- Middle East/North Africa
Egypt’s amended economic reform plan will raise taxes on cigarettes, alcohol, iron, cement, carbonated drinks and mobile phone use. It also exempts those who make less than LE12,000 monthly from paying income taxes, the government announced Monday.
According to the original economic plan first issued in December, and revoked less than a day after being made public, over 25 goods were to be taxed. People who earned less than LE 9,000 were also exempt from paying income tax.
The amended plan puts less of a burden on the poor, said officials. The new program, like the old, still imposes a 25 percent corporate tax and a 0.001 percent tax on stock market transactions.
Investment Minister Osama Salah told independent newspaper Al-Shorouk that the new program will bring about economic growth and social justice at the same time. He said Egypt’s poor would not pay the price for the country’s embattled economy, since the economic plan is funded by multiple sources, including Islamic Sukuk bonds and savings due to lower energy subsidies as well as consumer taxes.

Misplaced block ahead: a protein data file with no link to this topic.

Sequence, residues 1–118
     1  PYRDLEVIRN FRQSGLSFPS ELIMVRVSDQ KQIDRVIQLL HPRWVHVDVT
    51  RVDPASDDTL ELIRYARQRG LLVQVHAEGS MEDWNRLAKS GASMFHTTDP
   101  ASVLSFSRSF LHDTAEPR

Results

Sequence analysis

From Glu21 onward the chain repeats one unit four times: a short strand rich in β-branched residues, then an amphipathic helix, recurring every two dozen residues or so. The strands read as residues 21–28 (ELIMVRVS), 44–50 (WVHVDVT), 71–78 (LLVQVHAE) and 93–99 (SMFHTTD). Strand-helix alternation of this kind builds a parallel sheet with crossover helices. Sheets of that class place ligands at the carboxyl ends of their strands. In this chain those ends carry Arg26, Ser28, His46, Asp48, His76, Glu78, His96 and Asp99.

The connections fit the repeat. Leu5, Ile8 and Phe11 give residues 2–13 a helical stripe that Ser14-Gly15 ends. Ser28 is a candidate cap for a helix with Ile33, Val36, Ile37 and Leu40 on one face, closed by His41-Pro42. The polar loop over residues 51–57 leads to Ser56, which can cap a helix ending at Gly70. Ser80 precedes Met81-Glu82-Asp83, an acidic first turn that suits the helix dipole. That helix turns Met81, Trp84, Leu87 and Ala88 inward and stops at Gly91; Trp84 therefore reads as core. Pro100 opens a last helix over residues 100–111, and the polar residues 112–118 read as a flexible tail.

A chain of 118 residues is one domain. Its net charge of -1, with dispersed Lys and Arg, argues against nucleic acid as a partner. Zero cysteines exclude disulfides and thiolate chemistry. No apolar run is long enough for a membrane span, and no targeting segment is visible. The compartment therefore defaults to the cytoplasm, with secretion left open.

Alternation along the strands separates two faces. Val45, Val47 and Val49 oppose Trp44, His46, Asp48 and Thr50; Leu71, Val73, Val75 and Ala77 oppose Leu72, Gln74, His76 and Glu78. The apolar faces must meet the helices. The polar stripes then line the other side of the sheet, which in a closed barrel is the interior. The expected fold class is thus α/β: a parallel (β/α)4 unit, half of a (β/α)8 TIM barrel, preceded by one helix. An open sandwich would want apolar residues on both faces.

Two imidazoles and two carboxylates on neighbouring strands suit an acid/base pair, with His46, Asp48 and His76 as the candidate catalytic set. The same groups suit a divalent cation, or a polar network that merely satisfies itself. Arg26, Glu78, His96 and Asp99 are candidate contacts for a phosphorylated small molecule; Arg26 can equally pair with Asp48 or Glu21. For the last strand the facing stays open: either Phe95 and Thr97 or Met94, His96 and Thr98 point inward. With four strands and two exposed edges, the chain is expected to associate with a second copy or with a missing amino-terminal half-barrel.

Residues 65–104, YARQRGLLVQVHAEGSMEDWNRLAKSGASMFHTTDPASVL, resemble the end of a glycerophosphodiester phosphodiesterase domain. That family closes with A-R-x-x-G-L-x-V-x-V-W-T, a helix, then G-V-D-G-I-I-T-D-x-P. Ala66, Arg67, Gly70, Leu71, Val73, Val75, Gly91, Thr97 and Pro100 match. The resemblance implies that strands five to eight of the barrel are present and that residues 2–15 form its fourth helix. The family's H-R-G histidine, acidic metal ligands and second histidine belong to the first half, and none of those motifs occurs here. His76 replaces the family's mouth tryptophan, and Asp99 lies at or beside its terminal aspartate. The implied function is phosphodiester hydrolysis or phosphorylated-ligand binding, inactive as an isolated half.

Officials said they had finished amending the economic reform program and plan to present it to the International Monetary Fund this week, Al-Shorouk reported.
The plan will be implemented over the coming 27 months, instead of 18 months according to the previous program.
President Mohamed Morsy also mentioned some of the measures in a late night pre-recorded televised interview aired early Monday morning. He said pensions for low-income families would be increased to LE400 a month, up from LE100 month, in the new state budget.